Son 2 is pretty hunky-dory at school now that he's redoubled, and has made good friends. Fantastic news! But he gets very tired and irrationally angry at times - no surprise for a 12-year old whose brother is getting lots of attention, but it's taken me, Ben and my dad some serious thinking about to handle it well.
So here they are, my jeunes pousses (which means both growing youngsters and sprouting plants - great metaphor).I know that I am anxious about them, and self-awareness has now shown me that I am anxious far too often and about far too much, to actually be doing them any good. Anxiety can push me to make appointments for poor old Son 1 and get his medical and educational needs seen to, but it can't actually do anything else positive. On the down side, anxiety can rub off on them (a cause for Son 2's anger, even?) and can give them the deep-down understanding that things are out of control.
What is the alternative? I took the book 'The Power of a Praying Parent' off my shelves just before Lent, and decided that I needed to go through it for a month - there's a prayer each night for your children. Despite not being quite 'my kind of book' (American friends, have you noticed how we Brits express things differently to the way you're used to? This book is a bit of a challenge in that way) it's still a fantastic reminder that the real way to help your children is to turn each worry, each anxiety, into a positive prayer rather than a pointless pity-party.
I can't possibly sum it up better than Saint Paul did:
Do not be anxious about anything, but in everything, by prayer and petition, with thanksgiving, present your requests to God.
Philippians 4:6
Don't forget to visit Spiritual Sundays as well as the other Pause in Lent posts!

Thursday, March 24, 2011

A nice day's Troc'ing - with a little bit of teaching thrown in...

I had a lovely day teaching in different parts of Toulouse today - in a chateau this morning (now part of a modern business) and in a second French company this afternoon. In between the two lie various Troc Shops... It seemed to be vintage china day. These pleasant pheasants have been used as a sugar bowl - there is still sugar inside!!! It's soaking in the sink now...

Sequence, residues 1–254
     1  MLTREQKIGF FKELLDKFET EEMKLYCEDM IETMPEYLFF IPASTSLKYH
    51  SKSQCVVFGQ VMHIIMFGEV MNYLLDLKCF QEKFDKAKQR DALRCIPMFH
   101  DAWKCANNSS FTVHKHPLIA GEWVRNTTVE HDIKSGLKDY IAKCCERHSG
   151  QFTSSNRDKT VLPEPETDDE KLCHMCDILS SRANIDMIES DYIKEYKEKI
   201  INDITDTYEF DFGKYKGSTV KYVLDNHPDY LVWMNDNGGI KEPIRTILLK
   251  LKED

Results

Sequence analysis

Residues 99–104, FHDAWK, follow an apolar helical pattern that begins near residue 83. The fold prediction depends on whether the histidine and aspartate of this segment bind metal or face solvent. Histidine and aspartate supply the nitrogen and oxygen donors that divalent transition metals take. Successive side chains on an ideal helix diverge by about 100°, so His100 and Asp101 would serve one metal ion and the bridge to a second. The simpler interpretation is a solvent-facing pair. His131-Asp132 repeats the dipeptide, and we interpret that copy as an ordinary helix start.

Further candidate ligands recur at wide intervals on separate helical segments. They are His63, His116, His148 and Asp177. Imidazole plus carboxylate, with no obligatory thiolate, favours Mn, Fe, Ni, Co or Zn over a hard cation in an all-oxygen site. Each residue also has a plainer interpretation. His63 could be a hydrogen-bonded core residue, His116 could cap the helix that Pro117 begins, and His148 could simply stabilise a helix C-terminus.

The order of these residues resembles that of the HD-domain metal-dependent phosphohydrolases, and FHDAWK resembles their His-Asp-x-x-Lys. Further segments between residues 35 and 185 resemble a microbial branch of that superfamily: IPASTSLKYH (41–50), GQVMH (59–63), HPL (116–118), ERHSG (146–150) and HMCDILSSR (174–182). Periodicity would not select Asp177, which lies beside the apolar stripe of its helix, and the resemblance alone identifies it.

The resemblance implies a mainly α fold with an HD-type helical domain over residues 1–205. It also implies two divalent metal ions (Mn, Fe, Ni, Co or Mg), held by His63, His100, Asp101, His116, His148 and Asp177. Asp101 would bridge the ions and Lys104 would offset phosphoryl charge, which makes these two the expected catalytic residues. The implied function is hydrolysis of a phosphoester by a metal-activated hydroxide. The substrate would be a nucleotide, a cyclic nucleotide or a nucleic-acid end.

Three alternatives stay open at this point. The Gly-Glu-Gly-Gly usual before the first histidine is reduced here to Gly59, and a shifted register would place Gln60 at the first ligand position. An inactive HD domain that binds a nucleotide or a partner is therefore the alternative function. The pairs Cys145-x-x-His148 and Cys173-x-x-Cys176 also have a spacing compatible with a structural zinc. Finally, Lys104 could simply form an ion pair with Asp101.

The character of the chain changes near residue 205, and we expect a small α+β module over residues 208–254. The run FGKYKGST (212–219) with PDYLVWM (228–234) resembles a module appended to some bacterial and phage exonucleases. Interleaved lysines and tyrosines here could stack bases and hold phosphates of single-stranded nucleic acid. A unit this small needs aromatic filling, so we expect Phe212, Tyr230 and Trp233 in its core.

This is an art deco-type shallow bowl with a small pedestal -
here's a bit more detail!
This is a copy of a vintage American milk bottle - frankly, I've just always wanted one and it was 1€...
A tile from the owner's parents' home in the mountains, I'm told...
This beautiful stand was very cheap, because the base is sadly crumbling. I think I'll be able to use it with care, though.
And even the dog is interested!
La chienne qui chine!

Wednesday, March 23, 2011

As sure as eggs is eggs...

Our friends' hens are laying again... What shall we make with the eggs we've been given, boys?
"Omlette!" says Son 1. "Crèpes!" insists Son 2.
And something for my packed lunch tomorrow, thinks mummy, delightedly...

Tuesday, March 22, 2011

Three little maids...

On my wardrobe hang three little white tops - two antique and one vintage. Above them are my wedding shoes, an antique bonnet, a Gucci scarf, two straw hats and my grandmother's crocodile handbag. (Inherited vintage - as ethical as a dead reptile can get.)
They are all under the watchful eye of Aunt Selina (Ben's side of the family). At first I thought she was quite severe but now she is my ally - the only other woman in a house full of males. See her slightly knowing smile? I find her quite supportive.
The blouse above came from a braderie in a Toulouse suburb. My dad gave the jade beads to my mum after a visit to China.
I bought this antique broderie angalise blouse in the late 1980s and wore it ceaselessly. I was not a normal student.The jade beads were another Chinese gift from my father to my mother.
And finally this is the antique shift I wore under my going away outfit when we got married in 1990! Look - you know what I was wearing underneath!!
The jade beads on it now were my father's gift to me after that famous visit. The fair trade bracelet was a gift from my sister and the green stone heart came from Ben's sister.